Legionella Bacteria Found At Jail

Bacteria which causes Legionnaires’ disease have been found in water in the healthcare centre of Magilligan Prison. The tests were made after a terminally ill prisoner tested positive for Legionella Bacterium.

The man was transferred to the Causeway hospital on 29 January but died last week. It is not known if his death is linked to the rare form of pneumonia. Six prisoners have been moved. It is understood that none have flu-like symptoms associated with the disease.

Legionnaires’ disease is a type of pneumonia or lung infection. The major source of infection is water distribution systems in large buildings.

In a statement, the Prison Service said the men were moved after consultation with the Health and Safety Executive for Northern Ireland and the Western Health and Social Services Board. “Discussions are ongoing to identify what further action may need to be taken,” the statement said.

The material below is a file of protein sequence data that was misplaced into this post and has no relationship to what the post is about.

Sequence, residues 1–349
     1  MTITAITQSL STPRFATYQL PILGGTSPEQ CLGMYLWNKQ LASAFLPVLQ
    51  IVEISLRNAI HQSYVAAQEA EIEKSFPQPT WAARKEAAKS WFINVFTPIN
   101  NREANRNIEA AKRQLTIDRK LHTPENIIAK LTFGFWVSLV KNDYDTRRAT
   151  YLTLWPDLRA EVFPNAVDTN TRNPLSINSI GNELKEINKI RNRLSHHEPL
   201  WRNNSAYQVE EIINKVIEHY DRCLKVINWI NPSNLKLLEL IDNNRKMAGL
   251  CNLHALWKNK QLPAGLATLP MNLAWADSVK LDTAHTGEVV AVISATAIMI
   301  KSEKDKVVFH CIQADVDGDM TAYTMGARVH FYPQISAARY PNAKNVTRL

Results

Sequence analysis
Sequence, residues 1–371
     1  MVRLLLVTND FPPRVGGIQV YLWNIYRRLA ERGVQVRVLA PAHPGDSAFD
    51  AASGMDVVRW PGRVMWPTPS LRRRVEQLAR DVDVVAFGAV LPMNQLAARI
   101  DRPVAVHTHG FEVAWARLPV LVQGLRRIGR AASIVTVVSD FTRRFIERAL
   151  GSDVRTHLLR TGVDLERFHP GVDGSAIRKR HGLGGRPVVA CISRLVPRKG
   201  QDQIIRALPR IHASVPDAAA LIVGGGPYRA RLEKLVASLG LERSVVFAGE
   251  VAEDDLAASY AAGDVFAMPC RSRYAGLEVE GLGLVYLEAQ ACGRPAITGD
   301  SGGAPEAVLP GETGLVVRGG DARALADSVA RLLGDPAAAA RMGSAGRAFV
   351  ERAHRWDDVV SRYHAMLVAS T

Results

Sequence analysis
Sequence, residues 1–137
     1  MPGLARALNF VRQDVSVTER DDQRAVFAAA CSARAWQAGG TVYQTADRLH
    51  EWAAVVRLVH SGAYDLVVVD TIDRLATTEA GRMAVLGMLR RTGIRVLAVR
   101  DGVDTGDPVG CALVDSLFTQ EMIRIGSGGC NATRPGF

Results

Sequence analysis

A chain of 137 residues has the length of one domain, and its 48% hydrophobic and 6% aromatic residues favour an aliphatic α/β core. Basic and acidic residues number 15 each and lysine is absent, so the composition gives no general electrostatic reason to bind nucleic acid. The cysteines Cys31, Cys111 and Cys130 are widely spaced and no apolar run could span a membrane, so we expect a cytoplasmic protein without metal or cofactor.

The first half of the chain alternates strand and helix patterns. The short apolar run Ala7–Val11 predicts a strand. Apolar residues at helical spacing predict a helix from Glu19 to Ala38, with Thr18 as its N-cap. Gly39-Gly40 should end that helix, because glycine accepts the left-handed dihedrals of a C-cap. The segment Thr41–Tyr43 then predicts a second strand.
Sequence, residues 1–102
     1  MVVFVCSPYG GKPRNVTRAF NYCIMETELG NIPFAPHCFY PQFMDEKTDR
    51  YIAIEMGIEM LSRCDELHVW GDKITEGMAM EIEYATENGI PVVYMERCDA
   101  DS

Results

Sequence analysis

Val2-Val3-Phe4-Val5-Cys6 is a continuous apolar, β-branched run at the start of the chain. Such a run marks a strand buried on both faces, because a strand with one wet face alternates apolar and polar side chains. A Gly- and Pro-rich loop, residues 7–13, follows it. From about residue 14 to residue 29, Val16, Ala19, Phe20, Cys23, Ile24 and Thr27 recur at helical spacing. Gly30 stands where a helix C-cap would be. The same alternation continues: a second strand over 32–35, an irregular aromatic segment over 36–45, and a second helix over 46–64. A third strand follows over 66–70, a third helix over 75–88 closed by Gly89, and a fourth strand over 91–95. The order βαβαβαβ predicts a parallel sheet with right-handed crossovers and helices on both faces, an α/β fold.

There are 420 sentenced prisoners at the County Londonderry jail, which was first opened in 1972 on the site of an army camp. Initially it housed paramilitary prisoners, until they were moved to the Maze in 1977 when Magilligan became a ‘normal’ prison.

Magilligan has its own 8-bed health care centre but prisoners can be referred to outside hospitals for treatment by the medical staff. The jail is due to be replaced with a new £150m prison with up to 1,000 individual cells to house high risk offenders.